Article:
As I walked to work today, I saw a new one on me: a hummingbird fluttering around on the sidewalk. I didn’t know if it was injured or a juvenile – probably injured as August seems kind of late to me for juveniles – but it definitely wasn’t going to get itself airborne. I squatted to get a closer look; its beak was slightly agape, and its body pulsated as it breathed, whether from exhaustion or its own fierce metabolism, I had no idea. Its wings blurred to no avail, and it bumped along the ground.
It was under a tree, so I stood up and looked for a nest. Nada. Given the number of cats in our neighborhood, this little guy’s (gal’s?) hours were numbered – and probably with a value less than one at that. Cats, dogs, cars, raccoons, herons, rats, foot traffic; not a great place for a flightless hummingbird. I pulled out my phone and called the local Audubon Society chapter; a very genteel woman at the other end gave me a couple of numbers to try, her voice leaving an audio impression of blue hair and polite strands of pearls.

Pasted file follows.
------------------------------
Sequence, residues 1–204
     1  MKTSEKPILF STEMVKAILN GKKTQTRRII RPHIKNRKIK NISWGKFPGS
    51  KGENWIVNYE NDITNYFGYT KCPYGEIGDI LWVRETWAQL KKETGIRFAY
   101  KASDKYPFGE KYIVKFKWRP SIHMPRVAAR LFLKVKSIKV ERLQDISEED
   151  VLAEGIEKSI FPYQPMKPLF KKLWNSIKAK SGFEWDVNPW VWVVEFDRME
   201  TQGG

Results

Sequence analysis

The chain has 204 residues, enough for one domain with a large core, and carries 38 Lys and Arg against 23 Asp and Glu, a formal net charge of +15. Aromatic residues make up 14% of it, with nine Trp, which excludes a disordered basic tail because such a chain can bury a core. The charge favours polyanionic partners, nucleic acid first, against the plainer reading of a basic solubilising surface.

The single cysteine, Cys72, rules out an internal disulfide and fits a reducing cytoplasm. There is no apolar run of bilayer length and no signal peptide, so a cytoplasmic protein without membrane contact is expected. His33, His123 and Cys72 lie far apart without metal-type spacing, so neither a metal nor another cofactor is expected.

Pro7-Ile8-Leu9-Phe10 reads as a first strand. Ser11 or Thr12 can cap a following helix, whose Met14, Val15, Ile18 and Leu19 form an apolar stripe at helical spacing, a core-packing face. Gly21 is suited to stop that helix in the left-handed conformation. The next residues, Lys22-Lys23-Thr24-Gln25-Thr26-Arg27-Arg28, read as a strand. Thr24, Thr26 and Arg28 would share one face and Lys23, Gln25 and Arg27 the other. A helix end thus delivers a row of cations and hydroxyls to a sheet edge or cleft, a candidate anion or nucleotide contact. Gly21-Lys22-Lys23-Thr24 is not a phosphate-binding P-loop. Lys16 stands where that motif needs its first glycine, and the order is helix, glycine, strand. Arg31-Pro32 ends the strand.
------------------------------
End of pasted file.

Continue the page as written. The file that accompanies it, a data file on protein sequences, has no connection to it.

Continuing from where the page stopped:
I dialed the first number as the hummingbird bumbled its way onto the grass. No answer. I let it ring some more as the bird flopped into the shade. 12, 15 rings… still no answer. As I tried the second number, the hummingbird heaved itself out of the grass and up onto the curb, coming to rest right above a storm drain.
For four or five rings, I held my breath, watched and waited. The hummingbird twitched, and fell out of view with a soft plop. Ah, shit. I sighed and ended the call; no one had answered, and now there really wasn’t much point. As I shifted my laptop bag back on my shoulder to resume my walk to work, I headed over to the drain and peeked in. From the bottom, emerald feathers glinted like some lost childhood treasure. I sighed again, and continued on down the hill.